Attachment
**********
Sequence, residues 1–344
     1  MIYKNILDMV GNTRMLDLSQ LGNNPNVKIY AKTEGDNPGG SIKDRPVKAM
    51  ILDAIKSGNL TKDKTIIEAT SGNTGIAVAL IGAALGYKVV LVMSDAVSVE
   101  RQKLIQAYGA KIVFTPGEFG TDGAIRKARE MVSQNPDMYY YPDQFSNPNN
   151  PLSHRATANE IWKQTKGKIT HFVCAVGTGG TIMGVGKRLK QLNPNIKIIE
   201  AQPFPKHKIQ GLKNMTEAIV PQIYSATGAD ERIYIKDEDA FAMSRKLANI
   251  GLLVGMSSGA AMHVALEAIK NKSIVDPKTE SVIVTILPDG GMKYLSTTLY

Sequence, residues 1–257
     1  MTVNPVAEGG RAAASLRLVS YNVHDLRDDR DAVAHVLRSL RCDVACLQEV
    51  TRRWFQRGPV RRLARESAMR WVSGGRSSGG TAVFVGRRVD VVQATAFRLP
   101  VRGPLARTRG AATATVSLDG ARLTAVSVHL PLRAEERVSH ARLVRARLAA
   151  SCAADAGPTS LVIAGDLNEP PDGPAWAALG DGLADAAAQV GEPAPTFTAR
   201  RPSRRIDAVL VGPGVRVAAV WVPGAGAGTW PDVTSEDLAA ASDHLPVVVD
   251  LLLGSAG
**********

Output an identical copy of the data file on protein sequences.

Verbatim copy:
Sequence, residues 1–344
     1  MIYKNILDMV GNTRMLDLSQ LGNNPNVKIY AKTEGDNPGG SIKDRPVKAM
    51  ILDAIKSGNL TKDKTIIEAT SGNTGIAVAL IGAALGYKVV LVMSDAVSVE
   101  RQKLIQAYGA KIVFTPGEFG TDGAIRKARE MVSQNPDMYY YPDQFSNPNN
   151  PLSHRATANE IWKQTKGKIT HFVCAVGTGG TIMGVGKRLK QLNPNIKIIE
   201  AQPFPKHKIQ GLKNMTEAIV PQIYSATGAD ERIYIKDEDA FAMSRKLANI
   251  GLLVGMSSGA AMHVALEAIK NKSIVDPKTE SVIVTILPDG GMKYLSTTLY

Sequence, residues 1–257
     1  MTVNPVAEGG RAAASLRLVS YNVHDLRDDR DAVAHVLRSL RCDVACLQEV
    51  TRRWFQRGPV RRLARESAMR WVSGGRSSGG TAVFVGRRVD VVQATAFRLP
   101  VRGPLARTRG AATATVSLDG ARLTAVSVHL PLRAEERVSH ARLVRARLAA
   151  SCAADAGPTS LVIAGDLNEP PDGPAWAALG DGLADAAAQV GEPAPTFTAR
   201  RPSRRIDAVL VGPGVRVAAV WVPGAGAGTW PDVTSEDLAA ASDHLPVVVD
   251  LLLGSAG